Example of Study Principles from Acts 17:11

Acts 17:11  “These were more noble than those in Thessalonica, in that they received the word with all readiness of mind, and searched the scriptures daily, whether those things were so.”

Context:  Paul and his companions are traveling through Europe on the Second Missionary Journey.  A church was established in Thessalonica, but there was great opposition from those who did not believe the Gospel.  The new Believers sent Paul away to Berea.  There he went into the synagogue and taught from the Old Testament explaining the Gospel.  Many believed.  However, unbelieving Jews from Thessalonica followed Paul and raised fierce opposition in Berea.  Again, the new Believers sent Paul away to Athens.

Key Words/Phrases:  More Noble; Received; With all readiness of mind; Searched; Whether those things were so.

“More noble”  This is a single word in the Greek language (in which the New Testament was written). It is a superlative adjective, meaning that it expresses a quality of character that is emphasized as being more than expected, or higher than others.  These were “more noble”.This is written about the people of Berea because of their conduct and attitude regarding the Old Testament that they heard Paul teach.  They are “more noble” in this instance, and it does not mean that in every area of life they were more noble.    

“Received”   There was a reception, or an acceptance of what was being taught that was different from what they had received, or accepted, prior to this. They were hearing God’s Word, the Holy Spirit illuminating them to the Truth.

See 1 Thessalonians 2:13

“With all readiness of mind”   Here we see a thoroughness with which the people were listening to the word being taught.  They had all readiness, that is, they were fully engaged in listening and considering.  They had a thorough readiness of mind, meaning that they eagerly and diligently listened and considered what they were hearing.  They were learning with great desire.

They had heard the Old Testament taught many times throughout their lives, in the synagogues and in their homes.  Their lives were filled with hearing the word.  This time, however, it was different.  The truth of the Old Testament, being about the Lord Jesus Christ as Lord and Messiah, was being brought to them, and the Holy Spirit was illuminating them.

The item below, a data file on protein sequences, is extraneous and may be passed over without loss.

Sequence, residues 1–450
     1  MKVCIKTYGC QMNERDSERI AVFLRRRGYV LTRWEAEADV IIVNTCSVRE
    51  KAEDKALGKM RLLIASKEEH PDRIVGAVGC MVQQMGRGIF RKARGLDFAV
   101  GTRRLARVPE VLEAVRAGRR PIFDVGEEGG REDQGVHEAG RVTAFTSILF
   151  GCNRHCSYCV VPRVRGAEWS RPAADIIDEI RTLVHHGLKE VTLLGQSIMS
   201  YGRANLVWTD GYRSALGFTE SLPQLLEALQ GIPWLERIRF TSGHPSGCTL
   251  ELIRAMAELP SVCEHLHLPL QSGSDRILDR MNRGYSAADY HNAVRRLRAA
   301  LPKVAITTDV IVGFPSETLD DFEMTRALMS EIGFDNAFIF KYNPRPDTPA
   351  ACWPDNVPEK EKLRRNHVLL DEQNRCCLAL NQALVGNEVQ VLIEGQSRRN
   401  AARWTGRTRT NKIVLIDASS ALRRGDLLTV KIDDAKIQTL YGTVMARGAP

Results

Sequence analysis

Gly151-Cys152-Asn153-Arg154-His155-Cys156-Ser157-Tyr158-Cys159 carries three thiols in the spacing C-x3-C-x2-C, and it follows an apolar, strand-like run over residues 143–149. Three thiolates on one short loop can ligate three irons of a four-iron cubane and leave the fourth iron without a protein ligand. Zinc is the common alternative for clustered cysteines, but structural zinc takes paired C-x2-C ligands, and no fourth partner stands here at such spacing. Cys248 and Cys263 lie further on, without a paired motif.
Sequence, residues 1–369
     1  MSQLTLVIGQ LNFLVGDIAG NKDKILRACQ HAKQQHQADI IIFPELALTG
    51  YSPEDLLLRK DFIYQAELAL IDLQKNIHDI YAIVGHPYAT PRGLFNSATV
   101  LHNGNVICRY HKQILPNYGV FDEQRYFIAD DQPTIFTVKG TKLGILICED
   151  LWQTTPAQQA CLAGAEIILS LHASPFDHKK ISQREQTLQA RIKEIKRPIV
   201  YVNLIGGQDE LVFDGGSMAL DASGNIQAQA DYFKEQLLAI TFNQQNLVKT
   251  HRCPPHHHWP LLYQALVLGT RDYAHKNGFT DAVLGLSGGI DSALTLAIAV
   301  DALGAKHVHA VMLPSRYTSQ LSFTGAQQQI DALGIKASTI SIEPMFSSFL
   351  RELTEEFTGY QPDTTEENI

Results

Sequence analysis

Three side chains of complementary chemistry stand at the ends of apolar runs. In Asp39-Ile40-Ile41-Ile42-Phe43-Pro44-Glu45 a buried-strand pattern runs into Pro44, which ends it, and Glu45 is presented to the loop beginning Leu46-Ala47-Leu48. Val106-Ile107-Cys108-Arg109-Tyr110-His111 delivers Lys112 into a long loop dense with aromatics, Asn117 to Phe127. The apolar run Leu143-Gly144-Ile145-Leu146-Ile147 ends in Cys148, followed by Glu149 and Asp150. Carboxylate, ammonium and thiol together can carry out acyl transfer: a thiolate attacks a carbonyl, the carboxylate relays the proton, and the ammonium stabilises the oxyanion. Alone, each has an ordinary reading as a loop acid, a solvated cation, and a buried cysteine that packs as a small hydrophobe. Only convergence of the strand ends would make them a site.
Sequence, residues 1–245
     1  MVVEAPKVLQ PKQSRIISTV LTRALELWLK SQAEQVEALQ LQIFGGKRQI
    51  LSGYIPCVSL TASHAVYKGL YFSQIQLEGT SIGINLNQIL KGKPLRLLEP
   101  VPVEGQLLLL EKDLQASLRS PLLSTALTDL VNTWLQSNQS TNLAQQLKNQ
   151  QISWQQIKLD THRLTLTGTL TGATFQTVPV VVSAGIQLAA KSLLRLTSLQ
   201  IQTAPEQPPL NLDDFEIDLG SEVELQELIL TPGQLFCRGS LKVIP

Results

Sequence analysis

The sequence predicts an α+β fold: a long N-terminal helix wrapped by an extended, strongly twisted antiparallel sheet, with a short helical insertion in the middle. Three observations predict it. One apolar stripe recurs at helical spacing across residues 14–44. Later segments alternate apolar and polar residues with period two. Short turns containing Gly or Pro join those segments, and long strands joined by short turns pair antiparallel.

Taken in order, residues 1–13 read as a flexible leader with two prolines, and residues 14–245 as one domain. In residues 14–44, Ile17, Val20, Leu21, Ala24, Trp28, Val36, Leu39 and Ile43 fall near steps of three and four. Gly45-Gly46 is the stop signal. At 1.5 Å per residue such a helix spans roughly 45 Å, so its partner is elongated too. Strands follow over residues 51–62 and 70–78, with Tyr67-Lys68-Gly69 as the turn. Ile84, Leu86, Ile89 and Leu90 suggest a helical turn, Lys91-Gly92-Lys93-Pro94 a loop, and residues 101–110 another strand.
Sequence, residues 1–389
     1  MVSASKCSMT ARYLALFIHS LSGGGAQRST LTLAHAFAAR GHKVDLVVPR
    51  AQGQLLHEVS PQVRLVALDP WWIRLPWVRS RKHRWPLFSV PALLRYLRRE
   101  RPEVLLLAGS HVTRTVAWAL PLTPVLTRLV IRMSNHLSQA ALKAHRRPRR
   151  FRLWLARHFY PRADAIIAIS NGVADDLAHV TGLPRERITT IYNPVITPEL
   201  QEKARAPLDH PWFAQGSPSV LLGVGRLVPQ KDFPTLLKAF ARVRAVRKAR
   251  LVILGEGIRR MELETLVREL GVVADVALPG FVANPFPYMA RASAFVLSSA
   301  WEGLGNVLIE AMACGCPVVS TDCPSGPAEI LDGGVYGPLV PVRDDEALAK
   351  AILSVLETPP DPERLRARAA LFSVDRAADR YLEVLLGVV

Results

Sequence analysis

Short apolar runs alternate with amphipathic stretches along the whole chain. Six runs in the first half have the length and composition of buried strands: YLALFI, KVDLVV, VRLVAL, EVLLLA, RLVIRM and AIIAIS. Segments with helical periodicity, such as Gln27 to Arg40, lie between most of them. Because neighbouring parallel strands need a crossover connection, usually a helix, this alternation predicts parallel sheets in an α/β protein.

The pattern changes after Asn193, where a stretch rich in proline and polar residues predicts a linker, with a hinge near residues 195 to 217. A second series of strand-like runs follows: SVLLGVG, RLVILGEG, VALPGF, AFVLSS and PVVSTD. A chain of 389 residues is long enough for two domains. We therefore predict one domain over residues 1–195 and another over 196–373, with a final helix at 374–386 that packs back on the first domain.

“Searched”  Here we find that they not only heard, but they made diligent examination of what was being taught.  They went to the Old Testament to see if what Paul said was true.  This is a word in the Greek that means a discernment, a serious judgment of mind.  They spent time considering what they heard, and did not simply accept it as true because it was interesting or new.  Notice, they searched the scriptures, they did not search their feelings or consult other written works.

They realized that this truth, these truths, were life transforming.  They were not willing to give themselves over to the teaching unless they knew it to be true for themselves.

The Holy Spirit is not offended when people seriously examine His Word.

“Whether those things were so”   This is a very interesting phrase in the Greek.  It means that they wanted to be sure that they could fully possess what they were hearing.  They were searching to make sure that it was as taught, not some other teaching that was not clear.  They wanted to compare what they heard with the Old Testament, and with what they had been taught before.

The Holy Spirit is not offended when people seriously examine His Word.

Truth(s) taught:  What truth, or truths, are being taught here by the Holy Spirit through Luke as the writer?  I believe there are several we can readily recognize:

 1. God’s written word is authoritative, and the Old Testament is about the Lord Jesus Christ.  

2. The Holy Spirit illumines people when the Word is properly taught.  He calls, trains, and empowers people to be teachers of His Word. This does not make these people superior, nor those who listen inferior. It is simply what the Lord God had chosen as His plan to teach His Word.  

 3. People need to be eager to listen, giving diligence to learning.

 4. Study is required to prove what is taught, that it is actually true.  Study is neither quick nor easy, but takes time and regular effort.  

 5. The written Word is not to be trifled with.

 6. Transformation is the outcome, as seen in 17:12.

Application:  A number of applications can be seen, but there is one that is above all others.  The question each person must ask from this passage is, “What priority does the written Word have in my daily life?”  A second question would be, “Does the Holy Spirit honor me by calling me ‘more noble?’”  These are two questions not be taken lightly or answered quickly.

Searching the Scriptures is more than having a devotional time each morning or evening, more than listening to a sermon each week, or attending a bible study.  These are certainly positive and can be beneficial.  However, they do not answer the question.

Is the written Word being diligently studied on a regular basis, and is it transforming you?

There are a few wider applications of this question that are also important:  “What priority does my church give the written Word?  My pastorChurch leaders“Worship”

God’s written Word, the Scriptures, are ours for a reason.  Let us be diligent, discerning, eager to learn and be transformed.  May God bless you as you study His blessed Word.

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